Finally when my canvas sides were in place I installed the spring. Each arm of the spring was just under 1.5" long so it only needed to be tapped into place and didn't need any additional securing.

Step 6: Mounting the Bellows to the Canister

For my mounting hardware, I simply cut some 3/4" brass strips, tacking one end to the outlet side of the bellows and the other end bolted to the sides of the canister. The bellows should sit roughly 1.5" away from the canister.

As you can see in the images, the outlet of the bellows is not connected directly to the canister, and in fact a 1/4" gap is left between. This is to prevent ash and sparks from being sucked into the bellows and causing them to catch fire.

For starters, you'll need to drill the inlet on the canister using your step bit. It should be roughly 1/2" wide and 2.5" from the base. The length of the outlet tube, on the bellows is adjusted to roughly 1.25" long and the bellows are mounted to the canister using the brass strips.

It's important to make sure there is no movement between the bellows and the canister as the outlet tube needs to be perfectly in line with the inlet of the burn chamber.

Step 7: Testing Your Bellows

Remove the lid and fill the burn chamber with leaves, moss and twigs collected from the ground. Pack them in, but not to tightly so that air is able to flow through. Now using a lighter or torch ignite the leaf litter and make certain there is a good flame. Once it is burning, replace the lid. Optionally, you can add a bit of live material such as grass to increase the amount of smoke produced.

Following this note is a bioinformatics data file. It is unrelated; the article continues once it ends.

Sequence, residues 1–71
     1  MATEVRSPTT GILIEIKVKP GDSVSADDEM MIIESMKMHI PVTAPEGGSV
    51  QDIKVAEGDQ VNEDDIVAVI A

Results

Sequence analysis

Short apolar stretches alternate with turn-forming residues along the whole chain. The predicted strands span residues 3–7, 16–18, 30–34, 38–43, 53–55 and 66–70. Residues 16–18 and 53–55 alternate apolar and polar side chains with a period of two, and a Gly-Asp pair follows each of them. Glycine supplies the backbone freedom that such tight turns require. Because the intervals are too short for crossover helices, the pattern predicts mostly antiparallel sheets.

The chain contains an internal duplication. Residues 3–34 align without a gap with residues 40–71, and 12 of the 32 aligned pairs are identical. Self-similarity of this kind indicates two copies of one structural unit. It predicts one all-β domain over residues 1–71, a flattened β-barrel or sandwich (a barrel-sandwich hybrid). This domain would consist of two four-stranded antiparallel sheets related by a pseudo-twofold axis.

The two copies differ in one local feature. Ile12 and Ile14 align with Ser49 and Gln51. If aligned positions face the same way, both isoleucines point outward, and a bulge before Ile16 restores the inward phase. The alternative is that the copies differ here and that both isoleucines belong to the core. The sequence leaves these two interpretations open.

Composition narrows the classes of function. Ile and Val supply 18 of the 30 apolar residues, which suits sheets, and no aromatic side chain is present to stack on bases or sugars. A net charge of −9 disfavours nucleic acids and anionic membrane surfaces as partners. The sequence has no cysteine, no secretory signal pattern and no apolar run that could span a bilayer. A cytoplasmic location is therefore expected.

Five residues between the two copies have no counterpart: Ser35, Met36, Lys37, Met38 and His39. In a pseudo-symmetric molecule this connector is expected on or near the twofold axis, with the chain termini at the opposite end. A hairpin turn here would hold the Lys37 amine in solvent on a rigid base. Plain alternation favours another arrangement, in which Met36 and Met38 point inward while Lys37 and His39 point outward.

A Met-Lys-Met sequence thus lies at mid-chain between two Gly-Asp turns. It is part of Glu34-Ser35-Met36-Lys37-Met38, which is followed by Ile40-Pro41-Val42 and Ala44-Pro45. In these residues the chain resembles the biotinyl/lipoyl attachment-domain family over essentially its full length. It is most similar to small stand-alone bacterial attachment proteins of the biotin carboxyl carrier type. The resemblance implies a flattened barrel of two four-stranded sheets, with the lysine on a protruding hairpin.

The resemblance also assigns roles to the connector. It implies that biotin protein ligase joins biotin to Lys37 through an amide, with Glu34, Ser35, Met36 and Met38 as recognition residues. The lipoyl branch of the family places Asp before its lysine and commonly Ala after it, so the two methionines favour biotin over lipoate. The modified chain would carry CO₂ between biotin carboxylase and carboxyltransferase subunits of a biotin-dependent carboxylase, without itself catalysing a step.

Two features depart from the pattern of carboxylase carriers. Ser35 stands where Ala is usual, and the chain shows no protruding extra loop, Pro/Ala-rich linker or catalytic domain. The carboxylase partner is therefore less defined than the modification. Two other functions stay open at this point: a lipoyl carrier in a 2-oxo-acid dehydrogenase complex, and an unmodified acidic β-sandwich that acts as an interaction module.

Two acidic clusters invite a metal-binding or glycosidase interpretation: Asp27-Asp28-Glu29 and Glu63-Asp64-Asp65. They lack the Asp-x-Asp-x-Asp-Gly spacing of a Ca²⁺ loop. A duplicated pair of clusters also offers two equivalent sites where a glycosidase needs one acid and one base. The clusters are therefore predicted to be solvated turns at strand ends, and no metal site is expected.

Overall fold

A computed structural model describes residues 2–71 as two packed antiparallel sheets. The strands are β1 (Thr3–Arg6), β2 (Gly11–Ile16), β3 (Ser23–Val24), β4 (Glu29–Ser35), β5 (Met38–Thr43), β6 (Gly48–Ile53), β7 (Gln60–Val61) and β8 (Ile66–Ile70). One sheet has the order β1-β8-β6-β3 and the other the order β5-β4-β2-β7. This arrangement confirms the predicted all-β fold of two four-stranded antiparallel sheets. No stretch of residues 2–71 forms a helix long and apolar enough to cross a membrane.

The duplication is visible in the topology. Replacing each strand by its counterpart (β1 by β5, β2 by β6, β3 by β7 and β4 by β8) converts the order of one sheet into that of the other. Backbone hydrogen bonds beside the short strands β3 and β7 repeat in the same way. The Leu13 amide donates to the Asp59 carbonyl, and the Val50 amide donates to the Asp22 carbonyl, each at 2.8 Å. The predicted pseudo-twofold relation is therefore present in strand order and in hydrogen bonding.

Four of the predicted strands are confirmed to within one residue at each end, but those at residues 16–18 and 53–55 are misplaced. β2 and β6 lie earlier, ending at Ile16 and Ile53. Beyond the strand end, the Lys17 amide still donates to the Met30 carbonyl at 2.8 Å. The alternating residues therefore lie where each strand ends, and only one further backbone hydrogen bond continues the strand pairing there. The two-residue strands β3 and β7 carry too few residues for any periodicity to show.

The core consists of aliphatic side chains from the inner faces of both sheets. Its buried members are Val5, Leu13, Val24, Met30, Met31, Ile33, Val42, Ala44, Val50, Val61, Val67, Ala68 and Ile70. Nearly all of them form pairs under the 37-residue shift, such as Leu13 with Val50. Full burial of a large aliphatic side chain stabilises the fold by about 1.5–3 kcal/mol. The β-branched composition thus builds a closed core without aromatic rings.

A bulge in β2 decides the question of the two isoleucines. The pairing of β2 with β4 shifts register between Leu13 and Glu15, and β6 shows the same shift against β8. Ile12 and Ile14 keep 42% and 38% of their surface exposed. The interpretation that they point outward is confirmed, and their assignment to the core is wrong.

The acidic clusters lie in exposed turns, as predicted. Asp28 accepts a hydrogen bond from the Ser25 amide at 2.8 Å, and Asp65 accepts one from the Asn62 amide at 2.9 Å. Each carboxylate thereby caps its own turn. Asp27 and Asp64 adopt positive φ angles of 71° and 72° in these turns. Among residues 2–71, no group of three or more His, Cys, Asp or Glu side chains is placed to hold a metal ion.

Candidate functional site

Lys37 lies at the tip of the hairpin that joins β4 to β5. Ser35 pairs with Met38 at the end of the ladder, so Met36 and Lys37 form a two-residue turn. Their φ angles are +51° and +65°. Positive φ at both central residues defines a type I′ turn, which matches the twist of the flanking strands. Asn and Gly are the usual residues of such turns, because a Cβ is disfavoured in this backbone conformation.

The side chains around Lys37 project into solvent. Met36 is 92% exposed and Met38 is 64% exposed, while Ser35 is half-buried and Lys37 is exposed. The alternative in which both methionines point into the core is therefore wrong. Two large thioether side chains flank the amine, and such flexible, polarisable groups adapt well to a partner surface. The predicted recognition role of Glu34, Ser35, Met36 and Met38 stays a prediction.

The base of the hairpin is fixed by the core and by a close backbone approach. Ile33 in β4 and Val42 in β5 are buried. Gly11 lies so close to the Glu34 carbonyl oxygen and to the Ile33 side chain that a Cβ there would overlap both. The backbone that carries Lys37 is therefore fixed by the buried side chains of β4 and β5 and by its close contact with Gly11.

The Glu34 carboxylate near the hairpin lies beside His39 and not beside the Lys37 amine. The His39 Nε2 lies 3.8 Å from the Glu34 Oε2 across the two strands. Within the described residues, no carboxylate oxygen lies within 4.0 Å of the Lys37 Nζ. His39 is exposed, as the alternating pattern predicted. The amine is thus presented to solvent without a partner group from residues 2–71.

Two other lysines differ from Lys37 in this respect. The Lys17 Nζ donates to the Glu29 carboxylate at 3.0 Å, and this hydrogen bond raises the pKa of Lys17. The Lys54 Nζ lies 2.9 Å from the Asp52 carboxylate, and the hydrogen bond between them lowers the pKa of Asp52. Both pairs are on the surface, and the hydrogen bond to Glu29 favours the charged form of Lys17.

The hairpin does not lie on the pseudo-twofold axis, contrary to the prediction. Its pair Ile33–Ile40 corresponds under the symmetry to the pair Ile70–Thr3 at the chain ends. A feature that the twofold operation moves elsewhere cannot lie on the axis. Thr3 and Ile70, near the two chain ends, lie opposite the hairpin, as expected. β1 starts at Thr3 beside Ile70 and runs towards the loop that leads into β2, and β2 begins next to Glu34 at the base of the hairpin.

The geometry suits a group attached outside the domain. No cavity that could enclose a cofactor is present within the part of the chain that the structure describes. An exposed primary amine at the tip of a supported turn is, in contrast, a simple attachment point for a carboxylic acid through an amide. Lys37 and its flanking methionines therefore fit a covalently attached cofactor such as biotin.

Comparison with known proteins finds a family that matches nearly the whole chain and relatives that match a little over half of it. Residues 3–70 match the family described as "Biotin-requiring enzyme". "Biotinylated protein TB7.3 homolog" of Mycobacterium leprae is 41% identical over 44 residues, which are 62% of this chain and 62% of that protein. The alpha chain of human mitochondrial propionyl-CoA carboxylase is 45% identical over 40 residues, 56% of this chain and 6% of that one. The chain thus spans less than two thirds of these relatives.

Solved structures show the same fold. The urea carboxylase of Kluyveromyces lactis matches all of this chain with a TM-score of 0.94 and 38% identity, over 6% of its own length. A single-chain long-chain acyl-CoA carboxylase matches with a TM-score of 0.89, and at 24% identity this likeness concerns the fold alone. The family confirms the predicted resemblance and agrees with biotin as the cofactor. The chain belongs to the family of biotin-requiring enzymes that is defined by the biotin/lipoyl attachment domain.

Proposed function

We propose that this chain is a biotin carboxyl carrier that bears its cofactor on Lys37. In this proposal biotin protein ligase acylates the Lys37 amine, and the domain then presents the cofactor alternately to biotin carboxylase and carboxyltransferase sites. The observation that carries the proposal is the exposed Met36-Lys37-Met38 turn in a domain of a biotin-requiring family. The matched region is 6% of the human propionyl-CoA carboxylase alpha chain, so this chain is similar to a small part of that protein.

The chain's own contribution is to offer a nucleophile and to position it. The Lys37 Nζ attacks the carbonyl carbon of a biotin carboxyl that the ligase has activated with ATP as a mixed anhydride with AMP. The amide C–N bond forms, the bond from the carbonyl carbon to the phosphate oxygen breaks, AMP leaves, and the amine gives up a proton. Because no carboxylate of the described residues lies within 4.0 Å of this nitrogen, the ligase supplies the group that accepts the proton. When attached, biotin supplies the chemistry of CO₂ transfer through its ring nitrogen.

The action of setting the lid will cause the fire to go out, however the leaf litter should smoulder and continue to burn creating an abundance of smoke. In trials, a full canister burned for roughly 20 minutes before requiring the addition of more material. I recommend puffing the bellows on occasion when not using the smoker to help maintain the material burn.

Step 8: Finished

That's it. Being able to create my own equipment for my apiary, even though it didn't work out was a fantastic experience. There was a time when bee keeping kits didn't exist, and bee keepers had to be creative in fabricating their tools of the trade. In my opinion, it's about more than just saving money. It's about creating that close tie with your hobby and knowing, when it succeeds, that 100% of the credit can truly go to you.

As usual, I hope you enjoyed the instructable, and thanks for following.